Pondering Mother’s Day
[media-credit id=68 align="alignleft" width="150"][/media-credit]My first few Mother’s Days as a mother were what most people think Mother’s Day should be. Simple Hallmark moments broken up by handmade cards in crayon from tiny fingers, slobbery kisses from large hearted toddlers, the requisite card. Along the way there were also scattered meals in public places, a trip or two to spend the day with other mothers in my family, and breakfasts in bed.
One Mother’s Day my perception of the day was tarnished. My grandmother died a few days before Mother’s Day. It was a huge loss which produced in me a vast black hole. On that Mother’s Day I was at the funeral home choosing a casket and making other arrangements. For years after that I couldn’t bring myself to celebrate Mother’s Day. I felt my grandmother’s absence too strongly, and insisted that nothing special be done for me on that day knowing my heart wouldn’t be in it.
My favorite Mother’s Day was one year (during my “No Mother’s Day festivities, please” phase) when my children surrounded my bed, woke me up and shouted, “Happy Mother’s Day!” Being the quick wit that I am, I laughed and asked, “Where’s my breakfast in bed?” The kids and I talked and kissed and hugged and a few moments later my three year old poked her head through the crowd of her siblings and handed me a carefully held bowl. “Here, Mommy.”
I took the bowl from her little hands and asked “What’s this?” I looked at the small handful of Froot Loops and a spoon. She said, “I made you breakfast, but the milk was too heavy.” I think I cried. It was the sweetest “gift” I’d ever gotten. Mother’s Days stopped being a painful reminder of the past and eased into a celebration of my present.
This year because of divorce and poverty, my children live with their father 1300 miles away, and I live in the South with my boyfriend and our daughter. I was taken out to dinner which doesn’t happen often because we both like to cook, and because I have agoraphobic tendencies. We’re also wary of trying to eat in public because our daughter is very moody. Sometimes she’ll be fine and we have no problems. Other times she’ll be fine until we blink incorrectly (or something) during dinner and she freaks out and we have to leave. Still other times she’s “having a day” and we don’t even try to leave the house because we already know there’s no point. We live with that. She’s entitled to have bad days too and the most important thing for us is spending time together. We can do that at home.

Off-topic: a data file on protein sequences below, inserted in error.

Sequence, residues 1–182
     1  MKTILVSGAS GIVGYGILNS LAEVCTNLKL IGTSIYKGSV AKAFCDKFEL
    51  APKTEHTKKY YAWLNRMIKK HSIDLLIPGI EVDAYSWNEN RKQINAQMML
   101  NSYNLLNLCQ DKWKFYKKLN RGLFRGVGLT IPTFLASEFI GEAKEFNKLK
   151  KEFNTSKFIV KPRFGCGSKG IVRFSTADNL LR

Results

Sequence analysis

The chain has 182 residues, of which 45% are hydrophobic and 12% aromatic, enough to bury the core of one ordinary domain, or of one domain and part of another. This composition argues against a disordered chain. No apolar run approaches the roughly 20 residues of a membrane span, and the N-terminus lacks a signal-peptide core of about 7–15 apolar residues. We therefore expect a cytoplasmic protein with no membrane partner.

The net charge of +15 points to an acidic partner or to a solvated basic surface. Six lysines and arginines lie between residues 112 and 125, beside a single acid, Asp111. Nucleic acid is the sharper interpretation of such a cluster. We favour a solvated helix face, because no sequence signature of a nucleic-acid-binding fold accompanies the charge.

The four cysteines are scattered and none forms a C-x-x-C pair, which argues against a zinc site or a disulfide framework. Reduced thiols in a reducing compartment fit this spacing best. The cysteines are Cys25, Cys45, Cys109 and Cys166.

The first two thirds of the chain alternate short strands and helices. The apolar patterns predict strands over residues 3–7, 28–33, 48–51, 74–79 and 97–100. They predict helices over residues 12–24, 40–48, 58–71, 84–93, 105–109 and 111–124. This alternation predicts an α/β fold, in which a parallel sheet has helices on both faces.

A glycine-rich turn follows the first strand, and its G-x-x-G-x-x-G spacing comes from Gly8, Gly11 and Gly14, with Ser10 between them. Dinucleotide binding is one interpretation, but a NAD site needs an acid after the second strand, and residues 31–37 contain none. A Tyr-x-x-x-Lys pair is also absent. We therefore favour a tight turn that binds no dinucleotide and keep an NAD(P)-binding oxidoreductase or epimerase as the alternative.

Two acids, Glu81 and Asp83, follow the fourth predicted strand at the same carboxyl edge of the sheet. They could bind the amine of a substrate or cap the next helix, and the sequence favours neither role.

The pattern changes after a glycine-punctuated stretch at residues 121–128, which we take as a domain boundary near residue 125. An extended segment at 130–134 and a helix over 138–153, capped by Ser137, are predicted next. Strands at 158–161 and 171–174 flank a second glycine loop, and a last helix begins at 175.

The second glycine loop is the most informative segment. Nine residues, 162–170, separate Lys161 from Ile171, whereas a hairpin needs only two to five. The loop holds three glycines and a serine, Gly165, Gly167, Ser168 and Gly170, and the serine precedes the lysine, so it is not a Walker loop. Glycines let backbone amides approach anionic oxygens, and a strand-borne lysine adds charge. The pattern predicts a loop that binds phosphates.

But yesterday I felt like leaving the comforts of home, the toddler was in a decent mood, and the job left the boyfriend alone long enough that we ventured out into the deep dark wilds of Georgia. The restaurant was crowded, but it was okay. I didn’t sweat, pass out or cry. (WIN!) It was buffet-style though, and the toddler and I were overwhelmed trying to forage for food against the tide of the masses, so the boyfriend made food runs.
Every time he left the table the toddler would squint into the milling throng of people and yell “DADDY! DADDY! WHAR YOU???” (No one heard her but me and the people sitting near us). And once, before he made it back to the table she spilled her pop on her dress and flicked the straw and got pop in her eye. When he came back and sat down he asked “Uh oh. D id you have an accident?” She was rubbing her eye and yelling ‘CRAP IN MY EYE! CRAP! IN! MY! EYE! CRAP IN MY EYE!”
So, at the moment I guess Mother’s Day is more like an Olympic event: get dressed, work calls, get undressed, play, knit, boyfriend calls from work saying get dressed I’m coming. Get re-dressed. Boyfriend calls from work saying “nevermind I have another call.” Get undressed, play, knit, watch tv. Boyfriend calls “I’m almost home. Are you ready?” “Uhhh…no.” “Get ready. I’m coming.” Get dressed. Dress toddler. Do toddler’s hair. Do toddler’s lips (she has to have “make up” like Mommy, I’ve acquiesced to gloss). Turn off tv, turn off computer, foof hair one last time. Daddy runs in, changes clothes and yells’ Let’s go before they call again!”
Buckle in truck, drive and hope the phone doesn’t ring. Restaurant. Get in line and hope the phone doesn’t ring. Pay, sit and forage for food hoping the phone doesn’t ring. Feed toddler. Watch toddler use dress as handy dandy napkin. Watch boyfriend spill food on his shirt. Shake head in dismay. Giggle at toddler daintily dabbing mouth with napkin. Two minutes later sigh as toddler uses dress to wipe mashed potatoes off her fingers. Listen to boyfriend apologize needlessly for bring me here, and asking repeatedly if I’m ok. Eat. Laugh. Love. Get in truck where boyfriend discovers his phone set itself to “driving mode” meaning it wouldn’t ring, and would send all calls to voice mail. Fortunately, no messages. Home! Jammies on! Relax! Work calls. Boyfriend leaves. Toddler and I chill out and do our own things til bedtime. Bed! SOFT! FLUFFY! Oh how I’ve missed you! Toddler tucks self in saying “Snuggle wiff you, Mommy.”
Best. Mother’s Day. Ever. <3
Tags: dinner, Elisa Ashley, mother's day, toddlers